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Ukraine live briefing: U.N. to vote on resolution calling for Russia to leave Ukraine


Ukrainian Foreign Minister Dmytro Kuleba called on all members of the United Nations to vote for a peace resolution to end the war and preserve his country’s sovereignty, ahead of the Russian invasion’s first anniversary.

President Biden, on the last day of his three-day diplomatic trip to Poland, on Wednesday affirmed the United States’ support for NATO territory in case of an attack by Russia, saying: “We will defend literally every inch of NATO. Every inch of NATO.”

Here’s the latest on the war and its ripple effects across the globe.

Key developments

  • The draft resolution calls on Russia to leave Ukrainian territory and highlights the need for accountability for war crimes. The vote on the nonbinding resolution is expected to take place this week. The war in Ukraine is not a “European issue” but involves the whole world and is “a blatant violation of international law,” the European Union’s top diplomat, Josep Borrell, said.
  • Russia’s U.N. ambassador, Vassily Nebenzia, hit back on the proposed resolution, which calls for an immediate cease-fire. “Moscow is ready for a solution,” he said. “The draft resolution submitted here will not help this at all. It will rather encourage the West, which will continue its militaristic line, using the U.N. as a cover.”
  • In the coming year, Russia will put on combat duty the first launchers equipped with the Sarmat intercontinental ballistic missile, which have the potential to carry a large nuclear payload, President Vladimir Putin said Thursday in an address marking the Defender of the Fatherland Day. He also said Moscow would begin the mass deployment of sea-launched hypersonic missiles.
  • There “will certainly be consequences for China” if it sends lethal military aid to Russia for its war in Ukraine, the Pentagon said Wednesday, after China’s top diplomat, Wang Yi, visited Moscow. “We haven’t seen them give lethal aid to Russia at this time, for the war, but they haven’t also taken that off the table,” the Pentagon’s deputy press secretary Sabrina Singh said at a briefing.

Battleground updates

  • The commander of Russia’s Eastern Group of forces is likely facing “intense pressure” to take the town of Vuhledar in southern Donetsk oblast, Britain’s Defense Ministry said Thursday. The area is under heavy fire and “there is a realistic possibility that Russia is preparing for another offensive effort” in the region despite recent losses there, the ministry said.
  • Wagner Group head Yevgeniy Prigozhin said in a Thursday morning Telegram post that an ammunition shipment is on its way to his mercenaries, days after he launched a bitter attack claiming that the Russian military was depriving his fighters of ammunition.
  • Several hundred foreign troops will soon join German military instructors teaching Ukrainian forces how to use Western tanks and other arms, the head of the European Union’s Special Training Command, Lt. Gen. Andreas Marlow, said in an interview with Reuters. The specialists will come from Norway and the Netherlands and will arrive by the end of March, he said.
  • Ukrainian authorities in Kherson announced additional security measures ahead of the war’s anniversary, citing a possible escalation. In a Facebook post, the administration asked people to switch to remote work and announced patrols at gatherings.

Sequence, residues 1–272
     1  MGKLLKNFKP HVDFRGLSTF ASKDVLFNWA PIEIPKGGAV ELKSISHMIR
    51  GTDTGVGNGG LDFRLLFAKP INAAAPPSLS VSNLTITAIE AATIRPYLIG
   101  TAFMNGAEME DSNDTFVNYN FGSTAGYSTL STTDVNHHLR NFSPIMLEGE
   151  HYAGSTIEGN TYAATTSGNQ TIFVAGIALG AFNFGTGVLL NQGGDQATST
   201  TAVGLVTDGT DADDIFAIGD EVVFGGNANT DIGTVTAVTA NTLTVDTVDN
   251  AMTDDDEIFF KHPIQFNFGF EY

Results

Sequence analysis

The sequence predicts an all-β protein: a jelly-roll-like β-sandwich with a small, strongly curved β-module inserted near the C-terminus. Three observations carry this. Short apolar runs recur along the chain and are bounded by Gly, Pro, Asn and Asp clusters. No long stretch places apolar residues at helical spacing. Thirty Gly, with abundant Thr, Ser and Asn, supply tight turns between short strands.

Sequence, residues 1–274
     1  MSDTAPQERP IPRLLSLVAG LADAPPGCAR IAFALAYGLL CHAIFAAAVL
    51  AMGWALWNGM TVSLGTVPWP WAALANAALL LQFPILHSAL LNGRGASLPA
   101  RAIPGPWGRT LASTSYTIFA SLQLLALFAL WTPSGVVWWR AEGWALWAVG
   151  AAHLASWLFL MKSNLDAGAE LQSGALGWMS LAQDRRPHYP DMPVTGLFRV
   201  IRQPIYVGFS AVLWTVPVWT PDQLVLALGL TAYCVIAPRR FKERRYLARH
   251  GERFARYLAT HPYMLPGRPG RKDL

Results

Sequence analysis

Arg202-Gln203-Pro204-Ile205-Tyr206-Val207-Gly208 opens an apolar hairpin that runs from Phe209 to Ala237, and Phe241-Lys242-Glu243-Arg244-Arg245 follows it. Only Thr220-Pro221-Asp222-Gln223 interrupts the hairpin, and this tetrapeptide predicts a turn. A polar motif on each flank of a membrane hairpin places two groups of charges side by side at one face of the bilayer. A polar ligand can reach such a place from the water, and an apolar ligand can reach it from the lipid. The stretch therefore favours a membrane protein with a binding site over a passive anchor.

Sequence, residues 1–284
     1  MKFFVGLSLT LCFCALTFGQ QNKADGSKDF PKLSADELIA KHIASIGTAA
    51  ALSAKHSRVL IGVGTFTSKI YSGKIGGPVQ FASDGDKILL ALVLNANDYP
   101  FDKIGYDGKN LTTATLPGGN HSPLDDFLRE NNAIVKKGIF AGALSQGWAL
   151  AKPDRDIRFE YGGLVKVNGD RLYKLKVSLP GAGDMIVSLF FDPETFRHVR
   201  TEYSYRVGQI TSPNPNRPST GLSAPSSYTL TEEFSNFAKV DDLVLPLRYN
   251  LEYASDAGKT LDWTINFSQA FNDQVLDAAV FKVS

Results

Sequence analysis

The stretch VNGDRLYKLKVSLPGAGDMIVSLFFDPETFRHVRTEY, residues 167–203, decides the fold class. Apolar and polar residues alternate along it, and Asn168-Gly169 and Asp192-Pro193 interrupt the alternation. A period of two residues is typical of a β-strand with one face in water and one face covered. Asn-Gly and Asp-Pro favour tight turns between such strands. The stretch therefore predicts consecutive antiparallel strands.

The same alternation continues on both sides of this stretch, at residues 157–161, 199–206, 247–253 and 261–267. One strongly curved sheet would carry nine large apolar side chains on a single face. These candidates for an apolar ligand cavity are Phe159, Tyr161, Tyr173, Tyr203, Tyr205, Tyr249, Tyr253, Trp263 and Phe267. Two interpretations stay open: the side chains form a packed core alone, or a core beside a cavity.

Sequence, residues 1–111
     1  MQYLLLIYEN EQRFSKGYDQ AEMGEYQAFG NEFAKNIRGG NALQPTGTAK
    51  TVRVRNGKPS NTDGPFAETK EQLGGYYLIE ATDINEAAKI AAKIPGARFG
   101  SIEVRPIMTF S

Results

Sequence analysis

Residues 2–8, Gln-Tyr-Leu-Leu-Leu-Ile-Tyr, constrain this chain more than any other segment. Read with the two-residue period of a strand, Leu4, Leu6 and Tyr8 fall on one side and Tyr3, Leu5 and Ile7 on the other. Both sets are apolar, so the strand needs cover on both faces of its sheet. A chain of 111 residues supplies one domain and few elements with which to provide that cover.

Global impact

  • The war in Ukraine could rage on for another year, British Defense Secretary Ben Wallace told LBC radio on Thursday, saying of Putin: “I think he’s not going to stop.” Wallace noted that there were clear signs Moscow’s invasion had failed. Putin’s “three-day offensive is turned into his 365-day offensive and he has still not captured or held single one of objectives.”
  • Spanish Prime Minister Pedro Sánchez arrived in Kyiv on Thursday, saying in a tweet that Spain will stand with Ukraine “until peace returns to Europe.”
  • Chinese President Xi Jinping could visit Russia soon, Putin suggested in a meeting with China’s Wang in Moscow. “We are expecting the President of the People’s Republic of China in Russia — we have agreed on his visit earlier,” Putin said, according to a Kremlin statement.
  • President Biden said it was a “big mistake” for Putin to temporarily suspend Russia’s participation in the New START nuclear arms control accord. In an interview with ABC News, Biden said: “It’s a big mistake to do that. Not very responsible.” But he said he doesn’t believe Putin is “thinking of using nuclear weapons.”
  • Ukraine’s grain export initiative has sent 22 million tons of food in seven months to 43 countries, President Volodymyr Zelensky said in his nightly address, hailing it as a significant contribution by Ukraine to global food security.

From our correspondents

A year of war seen through the eyes of ordinary Ukrainians: Since Russia launched its invasion of Ukraine one year ago, every Ukrainian’s life has changed in ways both big and small. Families have been torn apart, homes have been destroyed and dreams have been shattered. Some civilians picked up arms, while others are helping as volunteers delivering aid.

With photography by Ed Ram, Wojciech Grzedzinski, Kasia Strek and Heidi Levine, The Post’s Olivier Laurent and Siobhán O’Grady report on how no one has been left untouched as Ukrainians reflect on a year of loss, resilience and fear.

“It won’t be easier now, it’s going to get harder and I’m prepared for the worst time,” a drama student in Kyiv said.

A doctor in Kherson said he was hopeful. “I believe in a positive future … people who stayed here don’t intend to leave. That gives me energy.”